Non-Small Cell Lung Cancer Coverage from Every Angle
Advertisement
Advertisement

Osimertinib After Progression of Advanced NSCLC Under Study in COMPEL Trial

By: Celeste L. Dixon
Posted: Monday, October 25, 2021

Because of tumor heterogeneity in EGFR-mutated non–small cell lung cancer (NSCLC), it is possible that even when disease has become apparently resistant to osimertinib given in first-line treatment, some cells may remain sensitive to the EGFR tyrosine kinase inhibitor. Instead of discontinuing osimertinib when beginning second-line treatment with platinum-based doublet chemotherapy upon systemic disease progression, as guidelines suggest, continuing it may be beneficial, according to Lecia V. Sequist, MD, MPH, of Dana-Farber/Harvard Cancer Center, and colleagues. This option could “particularly [benefit] patients with central nervous system [CNS] metastases, given [that] osimertinib has demonstrated superior CNS efficacy compared with chemotherapy,” reported Dr. Sequist during the International Association for the Study of Lung Cancer (IASLC) 2021 World Conference on Lung Cancer (Abstract P47.11). Additionally, continuing osimertinib might prevent rebound phenomenon, the investigators suggested.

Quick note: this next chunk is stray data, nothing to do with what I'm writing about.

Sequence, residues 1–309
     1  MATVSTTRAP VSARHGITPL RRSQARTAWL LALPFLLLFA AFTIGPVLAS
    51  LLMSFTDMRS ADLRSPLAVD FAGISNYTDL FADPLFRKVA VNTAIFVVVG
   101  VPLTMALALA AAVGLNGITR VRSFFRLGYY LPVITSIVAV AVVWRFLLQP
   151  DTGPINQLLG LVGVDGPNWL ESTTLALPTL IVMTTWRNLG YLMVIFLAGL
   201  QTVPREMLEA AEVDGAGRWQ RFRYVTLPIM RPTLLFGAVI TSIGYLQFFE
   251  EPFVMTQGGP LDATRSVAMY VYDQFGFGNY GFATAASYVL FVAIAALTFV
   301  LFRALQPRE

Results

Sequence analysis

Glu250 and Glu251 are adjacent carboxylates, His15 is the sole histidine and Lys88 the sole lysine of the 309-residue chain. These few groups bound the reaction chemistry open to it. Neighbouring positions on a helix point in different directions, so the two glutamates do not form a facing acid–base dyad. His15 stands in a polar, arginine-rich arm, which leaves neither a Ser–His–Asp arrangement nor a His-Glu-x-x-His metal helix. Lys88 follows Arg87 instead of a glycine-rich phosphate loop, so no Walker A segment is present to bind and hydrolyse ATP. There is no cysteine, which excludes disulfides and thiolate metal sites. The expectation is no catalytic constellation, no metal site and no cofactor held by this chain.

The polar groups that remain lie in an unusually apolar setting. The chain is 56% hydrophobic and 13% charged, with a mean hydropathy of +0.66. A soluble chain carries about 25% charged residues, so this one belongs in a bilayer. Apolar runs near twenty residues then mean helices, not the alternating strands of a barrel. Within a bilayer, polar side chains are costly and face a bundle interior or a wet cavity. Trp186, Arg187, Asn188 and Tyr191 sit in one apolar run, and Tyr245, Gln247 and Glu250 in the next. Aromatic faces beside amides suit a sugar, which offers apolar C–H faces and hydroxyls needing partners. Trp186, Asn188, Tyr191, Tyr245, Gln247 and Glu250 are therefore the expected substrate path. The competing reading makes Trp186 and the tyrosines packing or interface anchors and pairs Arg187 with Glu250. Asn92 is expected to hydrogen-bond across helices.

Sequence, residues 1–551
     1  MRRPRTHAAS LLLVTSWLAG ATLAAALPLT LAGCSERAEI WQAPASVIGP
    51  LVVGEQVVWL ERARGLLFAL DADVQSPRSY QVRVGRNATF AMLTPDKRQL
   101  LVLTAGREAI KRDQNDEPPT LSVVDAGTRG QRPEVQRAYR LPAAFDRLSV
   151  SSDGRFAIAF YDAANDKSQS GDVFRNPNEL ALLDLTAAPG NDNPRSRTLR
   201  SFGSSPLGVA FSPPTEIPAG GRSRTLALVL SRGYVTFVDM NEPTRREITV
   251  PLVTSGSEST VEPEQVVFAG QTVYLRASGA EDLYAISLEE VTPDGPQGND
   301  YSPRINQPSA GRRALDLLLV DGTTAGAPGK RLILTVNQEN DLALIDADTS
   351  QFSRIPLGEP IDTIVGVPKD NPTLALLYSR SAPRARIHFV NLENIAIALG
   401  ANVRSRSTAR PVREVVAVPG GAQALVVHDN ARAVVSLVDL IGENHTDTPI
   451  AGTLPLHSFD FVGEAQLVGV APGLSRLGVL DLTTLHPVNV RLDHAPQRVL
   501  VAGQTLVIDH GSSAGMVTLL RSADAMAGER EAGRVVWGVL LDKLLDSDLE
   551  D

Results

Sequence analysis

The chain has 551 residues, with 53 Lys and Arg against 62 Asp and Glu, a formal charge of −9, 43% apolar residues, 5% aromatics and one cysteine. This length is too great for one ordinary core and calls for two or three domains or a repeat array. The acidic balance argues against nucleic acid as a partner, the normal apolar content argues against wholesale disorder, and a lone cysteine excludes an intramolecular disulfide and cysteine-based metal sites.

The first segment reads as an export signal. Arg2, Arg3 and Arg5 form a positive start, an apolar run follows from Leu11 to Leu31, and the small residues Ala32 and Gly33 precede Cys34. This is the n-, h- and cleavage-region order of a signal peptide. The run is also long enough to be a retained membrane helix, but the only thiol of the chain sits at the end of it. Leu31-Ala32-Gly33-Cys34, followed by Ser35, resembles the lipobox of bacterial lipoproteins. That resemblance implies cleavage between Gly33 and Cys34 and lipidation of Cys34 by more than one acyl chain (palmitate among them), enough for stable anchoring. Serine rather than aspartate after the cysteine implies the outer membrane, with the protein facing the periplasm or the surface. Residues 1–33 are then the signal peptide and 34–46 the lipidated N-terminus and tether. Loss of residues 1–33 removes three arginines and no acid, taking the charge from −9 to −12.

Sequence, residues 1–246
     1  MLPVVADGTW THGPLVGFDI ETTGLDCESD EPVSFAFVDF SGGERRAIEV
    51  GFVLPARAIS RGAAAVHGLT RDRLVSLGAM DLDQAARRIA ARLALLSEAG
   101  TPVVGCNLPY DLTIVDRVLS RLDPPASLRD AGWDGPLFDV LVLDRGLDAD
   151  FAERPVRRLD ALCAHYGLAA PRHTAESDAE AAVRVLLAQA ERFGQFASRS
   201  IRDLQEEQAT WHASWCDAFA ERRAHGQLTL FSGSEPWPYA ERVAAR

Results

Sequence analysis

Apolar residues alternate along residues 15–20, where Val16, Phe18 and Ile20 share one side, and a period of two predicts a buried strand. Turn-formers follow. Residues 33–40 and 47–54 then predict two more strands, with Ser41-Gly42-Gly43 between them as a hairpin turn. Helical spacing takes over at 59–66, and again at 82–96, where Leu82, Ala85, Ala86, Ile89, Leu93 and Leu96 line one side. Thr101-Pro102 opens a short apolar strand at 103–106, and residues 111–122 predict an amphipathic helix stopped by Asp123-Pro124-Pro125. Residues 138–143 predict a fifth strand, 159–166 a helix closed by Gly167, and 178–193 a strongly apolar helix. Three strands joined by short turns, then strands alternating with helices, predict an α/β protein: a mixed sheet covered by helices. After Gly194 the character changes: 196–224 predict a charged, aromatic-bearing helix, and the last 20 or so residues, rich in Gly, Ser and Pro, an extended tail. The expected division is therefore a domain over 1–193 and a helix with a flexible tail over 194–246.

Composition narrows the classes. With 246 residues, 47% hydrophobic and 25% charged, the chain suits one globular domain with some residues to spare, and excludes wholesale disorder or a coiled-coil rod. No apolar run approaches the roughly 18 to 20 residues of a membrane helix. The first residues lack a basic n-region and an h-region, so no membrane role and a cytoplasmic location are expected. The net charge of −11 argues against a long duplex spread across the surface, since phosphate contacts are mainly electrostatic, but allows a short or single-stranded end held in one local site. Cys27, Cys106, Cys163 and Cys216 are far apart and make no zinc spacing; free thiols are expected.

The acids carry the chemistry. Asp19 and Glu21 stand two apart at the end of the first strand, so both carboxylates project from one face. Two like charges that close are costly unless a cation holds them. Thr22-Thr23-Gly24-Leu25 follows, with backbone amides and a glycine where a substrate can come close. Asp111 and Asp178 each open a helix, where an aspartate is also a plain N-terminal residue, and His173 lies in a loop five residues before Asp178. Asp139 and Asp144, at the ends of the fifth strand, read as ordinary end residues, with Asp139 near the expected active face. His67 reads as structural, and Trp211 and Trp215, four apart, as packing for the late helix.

The team has initiated the phase III, double-blind COMPEL trial to test their hypothesis, with accrual of a projected 204 patients underway and results expected in September 2024. Eligible patients are adults with radiologic evidence of non-CNS disease progression following initial response to first-line osimertinib and no evidence of CNS progression.

The patients will be randomly assigned 1:1 across two treatment arms, stratified by the presence or absence of stable CNS metastases, noted Dr. Sequist. Those in arm A will receive the investigator’s choice of pemetrexed plus cisplatin or carboplatin plus osimertinib, followed by pemetrexed maintenance and osimertinib. Patients in arm B will also receive the investigator’s choice of pemetrexed plus cisplatin or carboplatin, but with placebo, followed by pemetrexed maintenance and placebo.

“Patients will receive [their] first treatment dose within 4 weeks of their last first-line osimertinib dose,” said Dr. Sequist. Patients can continue treatment after disease progression provided they benefit, and crossover from placebo to osimertinib will be allowed if disease progression is confined to the CNS, she concluded. 

Disclosure: The study authors reported no conflicts of interest.



By continuing to browse this site you permit us and our partners to place identification cookies on your browser and agree to our use of cookies to identify you for marketing. Read our Privacy Policy to learn more.